The Divisional Artillery was in position west of the river and a large proportion at all events of the heavy artillery was also in position and ready for action. All the guns which the French had in position were relieved by batteries of our own

The 2nd Battalion of The King's Royal Rifle Corps, commanded by Lieut.-Col. Richard Abadie, which had already been four times decimated since the beginning of the war had taken up its position as follows:-

On the left of the line, overlooking the North Sea, "A" Company was posted, near a projection known as Pimple Point. This Company was commanded by Captain H. F. E. Smith, whose subalterns present were 2nd Lieuts. E. W. Barnes, A. G. Boucher and N. F. E. Anson. "D" Company (Capt. W. L. Clinton, Lieut. H. A. Pinnock, 2nd Lieuts. H. Chevis, W. Sheepshanks and A. Simpson) took the centre, and "B" Company (Lieut. Munro, 2nd Lieuts. A. C. Heberden and D. H. Taylor) was on the right. "C" Company (Lieut. H. J. F. Mills, 2nd Lieuts. H. G. Lindsay and R. Madeley) was in support, its Headquarters being in a central position forming the apex of a triangle of which D and B Companies were the base.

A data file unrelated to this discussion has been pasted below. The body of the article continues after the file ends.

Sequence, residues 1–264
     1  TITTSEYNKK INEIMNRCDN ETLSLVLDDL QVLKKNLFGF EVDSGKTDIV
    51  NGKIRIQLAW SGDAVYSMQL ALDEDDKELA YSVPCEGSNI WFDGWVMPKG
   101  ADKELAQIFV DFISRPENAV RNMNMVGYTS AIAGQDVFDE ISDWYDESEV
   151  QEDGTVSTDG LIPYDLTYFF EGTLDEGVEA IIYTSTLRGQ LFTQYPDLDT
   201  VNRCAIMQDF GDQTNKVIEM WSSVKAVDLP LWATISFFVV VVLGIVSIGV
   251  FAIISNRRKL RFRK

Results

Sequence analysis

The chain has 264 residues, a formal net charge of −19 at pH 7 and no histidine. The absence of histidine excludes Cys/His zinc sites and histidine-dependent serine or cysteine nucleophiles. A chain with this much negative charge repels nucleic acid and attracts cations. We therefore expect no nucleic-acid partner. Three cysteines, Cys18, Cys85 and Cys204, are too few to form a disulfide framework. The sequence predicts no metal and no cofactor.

(x) Some think there was one raft under the west bank, but are doubtful whether it was in effective condition. Anyhow, no attempt was made to utilise it.
Bn. H. Q. as well as the Dressing Station were established in a central position some 350-yds in rear of the front line, in the trench running north and south known as the Back Walk.
About 80-yds to the north was an underground tunnel, running east and west, something over 100-yards in length, but unfinished; and it was decided in case of need to transfer the Bn. H. Q. thither.

The assistance of enfilade fire upon the enemy's guns and entrenchments was hoped for from the gun boats and monitors off the coast. This was not a feasable proposition & no order had been issued to lead to this supposition here indicated.

Hardly had the Riflemen taken up their position when the German artillery began to show considerable activity. The fire was distributed along our whole line up to the night of the 9th-10th. No less than 70 casualties were sustained, a fact which in itself should have warned the higher authorities in rear of the impending peril.(x) Of these casualties 25 were inflicted upon "A" Company in one day, which was thereupon relieved by "C" Company and took the place of the latter. In support in accordance with the orders received a raid was made on the enemy's entrenchments during the night of the 9th-10th.